Achadu Gabriel, Kaduna
The United Nations Children’s Fund, UNICEF, on Tuesday urged government at all levels to pay more attention to children in poor communities in the implementation of its Sustainable Goals, SDGs, to achieve results.
Mohammed Fall, UNICEF Country Representative in Nigeria, made the call at a two-day Acceleration Conference on SDGs, organised by Kaduna state, to strengthen partnership with local and international partners for effective implementation.
According to him, there is a much higher return on investment, with double-fold gains when investment is made on the poorest children compared to those of the wealthy. “This is important as out-of-pocket expenditure among the poor is around 80 percent.”
Fall also stressed the need to focus attention on outreach activities targeting communities, households, parents, pregnant women and children, prioritising preventive – rather than curative – services.
He said that UNICEF would support Kaduna state government to integrate intervention of health, nutrition, education, water and sanitation services to accelerate attainment of SDGs.
“We have recently signed a memorandum of understanding with the state government integrating our support in routine immunization to a broader partnership building on primary healthcare under one roof.
“This is part of our efforts to take health services to poor communities in all parts of the state, to ensure that women and children have a chance of survival and have a quality life.
“We want to see a situation where a pregnant mother, a nursing mother and children could access all health services in one health facility, be it immunization, nutrition, antenatal care, sanitation and hygiene,” he said.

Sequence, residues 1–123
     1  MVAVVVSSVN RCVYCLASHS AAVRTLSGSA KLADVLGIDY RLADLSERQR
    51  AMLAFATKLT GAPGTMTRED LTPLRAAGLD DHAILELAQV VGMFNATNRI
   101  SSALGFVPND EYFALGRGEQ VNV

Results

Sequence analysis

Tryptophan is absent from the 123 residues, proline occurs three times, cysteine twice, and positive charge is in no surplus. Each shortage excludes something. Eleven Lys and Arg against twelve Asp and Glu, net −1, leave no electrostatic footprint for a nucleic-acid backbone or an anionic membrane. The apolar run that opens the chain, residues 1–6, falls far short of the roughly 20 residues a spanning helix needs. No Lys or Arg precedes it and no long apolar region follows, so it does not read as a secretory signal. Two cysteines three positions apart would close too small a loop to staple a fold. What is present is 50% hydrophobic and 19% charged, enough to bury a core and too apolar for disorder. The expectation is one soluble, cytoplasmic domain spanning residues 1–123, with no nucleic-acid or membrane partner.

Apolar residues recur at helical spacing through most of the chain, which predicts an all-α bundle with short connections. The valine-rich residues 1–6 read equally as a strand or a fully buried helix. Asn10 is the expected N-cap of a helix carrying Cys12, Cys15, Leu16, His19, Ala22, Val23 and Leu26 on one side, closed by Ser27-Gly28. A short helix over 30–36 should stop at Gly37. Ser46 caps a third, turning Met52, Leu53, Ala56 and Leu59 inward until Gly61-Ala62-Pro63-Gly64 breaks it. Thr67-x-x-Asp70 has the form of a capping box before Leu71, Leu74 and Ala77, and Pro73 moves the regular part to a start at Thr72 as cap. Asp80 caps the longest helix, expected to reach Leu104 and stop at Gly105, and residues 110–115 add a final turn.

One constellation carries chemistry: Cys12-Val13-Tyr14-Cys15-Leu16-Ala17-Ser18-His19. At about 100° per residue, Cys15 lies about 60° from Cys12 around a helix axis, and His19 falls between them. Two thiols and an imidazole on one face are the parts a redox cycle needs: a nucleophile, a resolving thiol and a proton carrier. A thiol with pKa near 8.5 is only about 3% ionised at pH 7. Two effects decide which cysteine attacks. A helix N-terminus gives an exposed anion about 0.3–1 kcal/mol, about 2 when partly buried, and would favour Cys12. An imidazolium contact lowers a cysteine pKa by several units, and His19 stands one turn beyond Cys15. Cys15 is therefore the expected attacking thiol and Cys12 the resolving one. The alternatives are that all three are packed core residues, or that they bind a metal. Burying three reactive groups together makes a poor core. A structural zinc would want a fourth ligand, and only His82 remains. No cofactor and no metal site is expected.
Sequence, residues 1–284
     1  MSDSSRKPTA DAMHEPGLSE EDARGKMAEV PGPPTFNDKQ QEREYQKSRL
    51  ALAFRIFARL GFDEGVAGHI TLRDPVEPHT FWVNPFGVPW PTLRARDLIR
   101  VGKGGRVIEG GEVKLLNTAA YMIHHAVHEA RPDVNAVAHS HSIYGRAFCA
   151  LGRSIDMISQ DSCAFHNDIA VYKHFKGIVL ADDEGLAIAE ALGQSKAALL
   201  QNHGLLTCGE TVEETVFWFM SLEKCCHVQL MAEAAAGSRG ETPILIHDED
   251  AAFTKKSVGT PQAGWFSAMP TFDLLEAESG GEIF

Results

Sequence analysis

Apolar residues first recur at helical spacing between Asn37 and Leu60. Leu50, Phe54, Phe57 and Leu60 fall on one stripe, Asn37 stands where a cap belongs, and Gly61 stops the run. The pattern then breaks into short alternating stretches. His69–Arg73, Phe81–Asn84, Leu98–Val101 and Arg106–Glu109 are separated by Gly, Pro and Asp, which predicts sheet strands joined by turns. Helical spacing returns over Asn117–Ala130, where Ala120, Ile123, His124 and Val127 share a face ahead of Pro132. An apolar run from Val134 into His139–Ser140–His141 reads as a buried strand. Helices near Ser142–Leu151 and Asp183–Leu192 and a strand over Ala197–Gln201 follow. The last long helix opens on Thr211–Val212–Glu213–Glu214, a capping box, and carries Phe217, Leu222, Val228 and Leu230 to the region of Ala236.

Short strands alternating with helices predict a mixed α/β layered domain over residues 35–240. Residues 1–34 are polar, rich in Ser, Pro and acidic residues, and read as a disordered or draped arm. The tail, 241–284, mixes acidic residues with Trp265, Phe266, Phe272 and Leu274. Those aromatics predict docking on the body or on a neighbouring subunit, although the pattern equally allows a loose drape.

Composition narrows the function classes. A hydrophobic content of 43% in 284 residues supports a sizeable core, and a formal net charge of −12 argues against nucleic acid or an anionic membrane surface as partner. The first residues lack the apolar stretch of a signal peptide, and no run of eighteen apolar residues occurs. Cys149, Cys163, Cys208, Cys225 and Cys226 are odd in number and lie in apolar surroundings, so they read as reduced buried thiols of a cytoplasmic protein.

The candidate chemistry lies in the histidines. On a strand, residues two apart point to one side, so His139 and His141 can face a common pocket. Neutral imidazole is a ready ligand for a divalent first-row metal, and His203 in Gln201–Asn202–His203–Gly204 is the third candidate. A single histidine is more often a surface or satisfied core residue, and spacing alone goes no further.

He commended the state government for making huge investment in the health sector, adding that Kaduna state has paid over one billion as counterpart fund to different intervention areas with UNICEF.
He, however, expressed concern over the state’s disturbing malnutrition and sanitation indices, which he said would impair progress being made in primary healthcare service delivery.
Also speaking, Susan De, Interim Deputy Director, Bill and Melinda Gates Foundation, stressed the need to harmonize health intervention to achieve more results.
De also called on the government to mobilise community leaders, private sector to invest in the provision of health services, stressing that funding must be increased, and budgetary allocation be cash-backed.
She said that the foundation would continue to support the Kaduna state government in ensuring quality of health services at primary healthcare centres.
Dr. Eugene Kongnyuy, of United Nations Population Fund, stressed on the need to build a health system that works and takes health services to the doorsteps of the people.
Kongnyuy expressed concern that about 70 per cent of women in Kaduna state deliver outside the health facilities, which according to him, predisposes pregnant mothers to untimely deaths to complications during delivery.
He also stressed the need for a robust accountability framework that would ensure transparency in the health sector for quality service delivery.
The state’s commissioner for Health and Human Services, Dr Paul Dogo, said that the state government has in the last three-and-half years focused attention on building a health system that work.
According to him, no amount of funding will create a positive health outcome without the existence of a strong health system.
“This is why the government partnered with local and international partners to build health system, particularly primary healthcare, to provide quality services.
“Our health outcomes are improving, but we need more support to do more towards achieving SDGs by 2030.”